film review: Rush: Beyond The Lighted Stage (2010)

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Rush Beyond The Lighted Stage - Geddy Lee, Alex Lifeson, Neil PeartIt was with surprising lack of trepidation that I wandered into Cineworld on Monday 7th June for the one night only showing of the new Rush documentary, Rush: Beyond The Lighted Stage. As we passed the bar I couldn’t help but notice it was awash with stringy ponytails and tour t-shirts. Not quite the usual Cineworld crowd. This was a special night for some and I kinda felt like I should feel like I was gatecrashing.

I didn’t really know much about Rush. There are a couple of things I do know though… I know there are three of them, they’re Canadian, that they’re basically a prog rock band and I can recognise Geddy Lee’s voice – but that’s fairly moot since it’s not like you ever really hear them on the radio. On the other hand I keep getting the intro from Spirit of Radio mixed up with Wolfmother’s The Joker and the Thief and I can only name two albums out of their 19 or so albums… so I certainly wouldn’t call myself a fan…

…How or never though, I love going to the cinema and I enjoyed the previous film from the pairing of Sam Dunn and Scot McFadyen – a documentary following a little band called Iron Maiden… but mainly I was going along because Griffpics is a massive fan and it was his birthday. Feeling quite removed from the fair amount of excitement around the place, I figured this was probably as close to a Rush gig as you’ll get in Ireland. It was probably the largest gathering of Rush fans in Ireland for a while anyway…

For those who don’t know and haven’t clicked the wikipedia link yet, Rush are probably one of the biggest band you’ve never heard of. In the US their album sales put them in the region of Nirvana and the Bee Gees [1] and estimates put their worldwide sales around 40 million albums. They are cited as an influence and admired by many musicians in well known bands such as Nine Inch Nails, Metallica, Iron Maiden, Dream Theater, Tool, Queensr├┐che, Tenacious D, Smashing Pumpkins… etc. The film features quite a few of these famous fans but mainly it charts the history of Rush, from their start in Geddy Lee’s basement in mid-late 1960s to their Snakes and Arrows tour which ended in 2008.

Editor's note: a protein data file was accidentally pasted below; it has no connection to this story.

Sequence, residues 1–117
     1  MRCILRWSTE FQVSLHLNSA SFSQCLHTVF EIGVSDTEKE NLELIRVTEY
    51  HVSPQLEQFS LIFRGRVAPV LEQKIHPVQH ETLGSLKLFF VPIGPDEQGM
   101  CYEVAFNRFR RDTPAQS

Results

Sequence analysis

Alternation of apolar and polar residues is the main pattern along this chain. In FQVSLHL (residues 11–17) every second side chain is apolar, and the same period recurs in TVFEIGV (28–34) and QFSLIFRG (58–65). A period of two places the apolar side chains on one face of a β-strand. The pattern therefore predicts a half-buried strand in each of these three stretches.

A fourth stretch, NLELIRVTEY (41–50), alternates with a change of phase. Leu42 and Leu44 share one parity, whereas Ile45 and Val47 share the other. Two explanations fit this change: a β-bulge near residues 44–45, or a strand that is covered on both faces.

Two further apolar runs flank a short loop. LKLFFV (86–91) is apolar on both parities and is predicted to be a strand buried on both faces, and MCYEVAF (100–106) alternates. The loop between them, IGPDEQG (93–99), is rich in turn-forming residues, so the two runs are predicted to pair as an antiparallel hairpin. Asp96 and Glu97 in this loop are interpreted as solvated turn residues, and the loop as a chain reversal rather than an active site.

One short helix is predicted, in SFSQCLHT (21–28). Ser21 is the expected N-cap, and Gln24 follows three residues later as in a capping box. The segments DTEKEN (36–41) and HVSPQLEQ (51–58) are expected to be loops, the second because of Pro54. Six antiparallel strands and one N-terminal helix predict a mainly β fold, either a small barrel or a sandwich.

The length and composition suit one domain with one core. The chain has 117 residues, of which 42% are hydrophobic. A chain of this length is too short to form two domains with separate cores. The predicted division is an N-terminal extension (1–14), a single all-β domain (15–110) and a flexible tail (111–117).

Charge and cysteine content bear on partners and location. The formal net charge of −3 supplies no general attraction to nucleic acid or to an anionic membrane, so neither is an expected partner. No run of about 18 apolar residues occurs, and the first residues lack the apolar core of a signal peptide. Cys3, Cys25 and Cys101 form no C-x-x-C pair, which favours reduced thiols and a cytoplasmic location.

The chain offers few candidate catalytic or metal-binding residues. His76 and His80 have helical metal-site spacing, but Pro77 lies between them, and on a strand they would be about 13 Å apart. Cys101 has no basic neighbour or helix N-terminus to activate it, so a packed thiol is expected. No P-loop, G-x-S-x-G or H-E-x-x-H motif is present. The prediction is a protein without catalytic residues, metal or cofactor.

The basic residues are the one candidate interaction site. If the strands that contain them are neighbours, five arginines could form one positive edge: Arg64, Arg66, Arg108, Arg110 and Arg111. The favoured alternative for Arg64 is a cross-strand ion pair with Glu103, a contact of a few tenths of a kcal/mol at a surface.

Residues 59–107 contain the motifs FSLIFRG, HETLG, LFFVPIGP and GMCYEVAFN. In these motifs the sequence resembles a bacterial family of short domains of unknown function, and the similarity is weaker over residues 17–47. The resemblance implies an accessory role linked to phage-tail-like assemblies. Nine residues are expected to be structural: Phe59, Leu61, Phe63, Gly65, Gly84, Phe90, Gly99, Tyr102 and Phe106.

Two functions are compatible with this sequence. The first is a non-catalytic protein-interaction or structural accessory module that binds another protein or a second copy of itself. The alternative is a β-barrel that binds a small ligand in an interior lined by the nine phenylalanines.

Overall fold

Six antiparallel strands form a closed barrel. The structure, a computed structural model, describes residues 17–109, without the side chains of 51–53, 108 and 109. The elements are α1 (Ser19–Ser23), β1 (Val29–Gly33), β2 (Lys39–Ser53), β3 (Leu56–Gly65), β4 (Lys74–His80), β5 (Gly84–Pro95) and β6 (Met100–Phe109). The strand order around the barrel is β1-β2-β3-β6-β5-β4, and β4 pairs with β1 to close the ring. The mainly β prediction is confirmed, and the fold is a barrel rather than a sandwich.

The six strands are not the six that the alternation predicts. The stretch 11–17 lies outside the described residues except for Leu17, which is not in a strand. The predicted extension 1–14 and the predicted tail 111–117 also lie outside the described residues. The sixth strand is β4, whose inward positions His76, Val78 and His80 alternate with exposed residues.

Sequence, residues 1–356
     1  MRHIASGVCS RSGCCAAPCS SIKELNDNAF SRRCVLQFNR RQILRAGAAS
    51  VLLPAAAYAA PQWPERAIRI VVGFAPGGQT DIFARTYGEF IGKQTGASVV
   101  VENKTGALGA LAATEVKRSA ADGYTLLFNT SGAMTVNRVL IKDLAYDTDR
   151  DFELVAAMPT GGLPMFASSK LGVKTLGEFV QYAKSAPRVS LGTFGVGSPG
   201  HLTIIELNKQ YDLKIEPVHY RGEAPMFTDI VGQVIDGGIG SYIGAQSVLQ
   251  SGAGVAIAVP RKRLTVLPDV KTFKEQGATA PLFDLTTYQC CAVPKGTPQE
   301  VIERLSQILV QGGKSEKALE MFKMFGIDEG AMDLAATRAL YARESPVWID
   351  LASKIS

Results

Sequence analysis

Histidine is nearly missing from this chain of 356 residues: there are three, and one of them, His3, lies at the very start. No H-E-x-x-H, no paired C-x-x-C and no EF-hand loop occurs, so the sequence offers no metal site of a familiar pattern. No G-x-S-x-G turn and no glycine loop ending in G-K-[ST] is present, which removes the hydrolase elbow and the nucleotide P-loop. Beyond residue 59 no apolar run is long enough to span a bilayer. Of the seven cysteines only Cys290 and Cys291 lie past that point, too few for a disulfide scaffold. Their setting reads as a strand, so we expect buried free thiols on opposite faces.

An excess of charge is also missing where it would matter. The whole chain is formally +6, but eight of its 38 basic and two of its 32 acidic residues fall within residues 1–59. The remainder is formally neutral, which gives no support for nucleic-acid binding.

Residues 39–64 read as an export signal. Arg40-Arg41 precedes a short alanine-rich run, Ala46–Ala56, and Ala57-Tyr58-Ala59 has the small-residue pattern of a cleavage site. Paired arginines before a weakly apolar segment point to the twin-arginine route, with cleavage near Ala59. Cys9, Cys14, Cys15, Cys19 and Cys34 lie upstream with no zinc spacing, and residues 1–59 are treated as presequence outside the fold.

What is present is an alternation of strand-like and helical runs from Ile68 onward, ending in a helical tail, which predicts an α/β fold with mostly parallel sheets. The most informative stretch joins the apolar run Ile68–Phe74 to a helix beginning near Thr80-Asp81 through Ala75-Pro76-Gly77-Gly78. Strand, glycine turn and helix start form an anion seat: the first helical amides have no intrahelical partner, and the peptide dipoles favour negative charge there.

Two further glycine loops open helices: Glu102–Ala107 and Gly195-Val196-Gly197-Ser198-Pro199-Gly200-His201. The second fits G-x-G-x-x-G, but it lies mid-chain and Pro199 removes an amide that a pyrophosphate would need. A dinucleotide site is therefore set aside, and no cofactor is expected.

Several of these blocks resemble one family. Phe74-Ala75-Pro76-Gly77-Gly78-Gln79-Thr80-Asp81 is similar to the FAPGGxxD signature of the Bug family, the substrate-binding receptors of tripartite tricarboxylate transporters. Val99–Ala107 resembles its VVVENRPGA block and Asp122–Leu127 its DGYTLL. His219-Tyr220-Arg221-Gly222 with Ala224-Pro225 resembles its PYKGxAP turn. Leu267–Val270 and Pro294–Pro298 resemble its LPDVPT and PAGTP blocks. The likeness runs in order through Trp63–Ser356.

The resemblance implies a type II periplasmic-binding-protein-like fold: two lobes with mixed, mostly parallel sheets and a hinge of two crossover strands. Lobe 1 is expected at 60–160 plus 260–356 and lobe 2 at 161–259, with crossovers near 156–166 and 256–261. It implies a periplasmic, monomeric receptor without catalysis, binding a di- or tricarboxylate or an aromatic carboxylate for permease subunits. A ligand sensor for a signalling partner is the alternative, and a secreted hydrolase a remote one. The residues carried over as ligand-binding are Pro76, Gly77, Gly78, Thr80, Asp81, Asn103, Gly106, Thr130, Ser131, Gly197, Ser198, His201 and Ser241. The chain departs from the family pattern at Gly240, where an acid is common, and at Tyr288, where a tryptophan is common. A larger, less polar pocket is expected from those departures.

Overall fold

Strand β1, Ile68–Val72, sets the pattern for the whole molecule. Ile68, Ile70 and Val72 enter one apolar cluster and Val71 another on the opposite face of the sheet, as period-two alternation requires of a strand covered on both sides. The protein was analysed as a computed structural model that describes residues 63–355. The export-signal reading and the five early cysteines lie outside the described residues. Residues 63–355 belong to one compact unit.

It seems they’ve had quite a sparkling 40 year journey. Rush have had their dark times, very dark times, however the film is mainly looks at the evolution of the band through their various landmark albums. It was actually pretty interesting, even for someone who didn’t know much of their music. Sebastian Bach popping up from time to time was particularly hilarious, what’s up with that guy? I mean ok, he really loves Rush but seriously… what’s up with him?

What made it interesting was… well put it this way, some bands just seem to do the same thing over and over again. They find a winning formula and stick to it. Not Rush. Ok, all their stuff is in the same kind of vein but they really do seem to have experimented over the years, brought took their cue from what was going on in the scene and made it their own. As far as I’m concerned that’s something to be admired. And what was most fascinating is that it’s really worked for them. I’m sure that some of their albums that didn’t do as well as others, but they’ve built up such a devoted following that it doesn’t matter. It doesn’t matter that they never get played on the radio; it doesn’t matter that – when they featured in last year comedy I Love You, Man – some people wondered if they were even a real band, all that matters really is that their fans love their music.

But I digress, back to the film. As a documentary… well… while I did find it entertaining, it wasn’t brilliant. To me it was very much a fan’s film. It was very general – I guess they did have a long time period to cover but I don’t feel like I learned that much about the band… aside from, as I mentioned, how they got from one album to another. It didn’t particularly delve into great detail about about any kind of criticism of the band. Fair enough, but it also didn’t really look in any detail at how they’ve influenced music, or even at other aspects of the band, like their live performances or their playing style (aside from a bit about Neil Peart changing his drumming style). It also didn’t look that much at the context of the albums, it mentioned things in passing but again, hardly any detail. I can’t even say that we got to know the band members.

It was a pity because I’d like to know more about them, or at least about other aspects of their music, and I don’t know if they would let a film crew would have that kind of access again. They seem to be fairly private, which is fine, but any in-depth documentary would really need their input to make it worthwhile. I do think there’s an opportunity there for more documentaries and I hope someone makes one because, personally, I think there’s a lot to be said about them… Then again, they seem content and successful without much publicity so maybe it’ll never happen.

The idea of the film was a sound one but, as a person who didn’t know much about Rush, I just don’t think it really worked. I would, however, recommend it to anyone who does want to know a little more about the band… but mainly because I don’t know how else you’d find out more about them without doing a hell of a lot of reading and listening.

6/10, but not because of the subject matter!

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